Jannek visits the station to meet Ensign Jamie Samantha Kirk. The ambassador had once sought vengeance on the Kirk family line, until a vision from Ayelborne of Organia had inspired him to befriend Jamie and thereby give meaning to their ancestors’ battle. To that end, he invites her to be his liaison to the Federation as he attempts to forge a lasting peace between their governments. Jamie is said to be a descendant of James Kirk, though their exact relationship is unspecified. With Miramanee’s unborn child and David Marcus both dead, it’s doubtful she’s a direct descendant; given her middle name, it’s more likely she descends from one of Sam Kirk’s three sons.

The Organians had forced a peace treaty on the begrudging Federation and Klingon Empire in “Errand of Mercy,” which ultimately led to a more meaningful alliance. A flashback to that episode shows Kirk and Kor facing off—but with Kor sporting cranial ridges like on Deep Space Nine, rather than his smooth-headed appearance on The Original Series. Blood & Honor explored the potential for history to repeat itself, as Ayelborne covertly works to give his dying people a legacy: peace between the Romulans and the Federation.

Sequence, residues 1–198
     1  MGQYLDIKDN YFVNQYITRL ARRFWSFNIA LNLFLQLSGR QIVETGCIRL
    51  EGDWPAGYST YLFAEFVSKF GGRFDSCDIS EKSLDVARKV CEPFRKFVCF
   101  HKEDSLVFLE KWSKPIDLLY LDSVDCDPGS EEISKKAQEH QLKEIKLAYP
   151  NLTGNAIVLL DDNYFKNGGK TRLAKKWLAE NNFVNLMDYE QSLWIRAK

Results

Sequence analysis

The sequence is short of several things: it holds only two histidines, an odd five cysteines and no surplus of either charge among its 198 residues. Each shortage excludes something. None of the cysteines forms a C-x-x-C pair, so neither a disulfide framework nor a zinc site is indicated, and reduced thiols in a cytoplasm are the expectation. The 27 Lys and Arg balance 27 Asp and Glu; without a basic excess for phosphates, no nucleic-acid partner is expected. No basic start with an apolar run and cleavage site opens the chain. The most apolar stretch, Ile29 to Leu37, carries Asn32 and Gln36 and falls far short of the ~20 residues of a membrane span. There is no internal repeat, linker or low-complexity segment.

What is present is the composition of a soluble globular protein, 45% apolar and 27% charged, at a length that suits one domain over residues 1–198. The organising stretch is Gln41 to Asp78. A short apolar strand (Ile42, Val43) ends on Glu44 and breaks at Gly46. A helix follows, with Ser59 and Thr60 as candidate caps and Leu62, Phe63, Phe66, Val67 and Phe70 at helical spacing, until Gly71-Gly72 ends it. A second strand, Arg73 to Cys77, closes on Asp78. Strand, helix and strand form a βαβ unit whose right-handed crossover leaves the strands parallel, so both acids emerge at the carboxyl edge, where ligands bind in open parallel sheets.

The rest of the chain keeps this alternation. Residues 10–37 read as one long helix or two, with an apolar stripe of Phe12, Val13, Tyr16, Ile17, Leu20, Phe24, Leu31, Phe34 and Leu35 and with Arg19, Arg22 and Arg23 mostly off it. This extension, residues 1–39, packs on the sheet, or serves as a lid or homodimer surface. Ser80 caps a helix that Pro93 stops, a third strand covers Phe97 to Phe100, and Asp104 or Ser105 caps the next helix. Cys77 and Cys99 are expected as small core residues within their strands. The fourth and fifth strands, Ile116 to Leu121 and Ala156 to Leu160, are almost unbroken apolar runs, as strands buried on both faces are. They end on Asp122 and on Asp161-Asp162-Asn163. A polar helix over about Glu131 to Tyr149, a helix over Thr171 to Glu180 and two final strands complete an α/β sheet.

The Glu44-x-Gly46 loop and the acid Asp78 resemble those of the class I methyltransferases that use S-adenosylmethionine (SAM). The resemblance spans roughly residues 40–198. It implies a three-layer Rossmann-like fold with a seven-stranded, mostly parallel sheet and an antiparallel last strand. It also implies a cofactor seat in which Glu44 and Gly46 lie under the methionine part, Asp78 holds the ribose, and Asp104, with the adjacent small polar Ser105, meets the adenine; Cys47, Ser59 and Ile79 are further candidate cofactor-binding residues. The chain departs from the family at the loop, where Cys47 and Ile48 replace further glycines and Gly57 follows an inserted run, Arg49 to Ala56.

Meanwhile, the Alliance for Global Unity (a terrorist group also called the Circle, from “The Homecoming,” “The Circle,” and “The Siege”) steals a Gamma Quadrant artifact as a means of reclaiming Bajor for Bajorans. On television, the extremists were led by Jaro Essa, wonderfully portrayed by noted Dracula actor Frank Langella. This one-shot marks one of the few times the Circle has been revisited in licensed Star Trek, though their involvement in the tale is secondary to the Jannek storyline.

The second Celebrity Series issue was Rules of Diplomacy, cowritten by actor Aron Eisenberg and Malibu editor Mark Paniccia. Eisenberg had helped to redeem the profit-seeking Ferengi after their cringeworthy introduction on The Next Generation, by making Nog a wonderfully endearing character. As Jake Sisko’s best friend and Starfleet’s first Ferengi officer, Nog humanized the species thanks to Eisenberg’s layered performance. Sadly, he passed away in 2019, while Lenard died in 1996, but both actors left enduring marks on Star Trek, ensuring their immortality.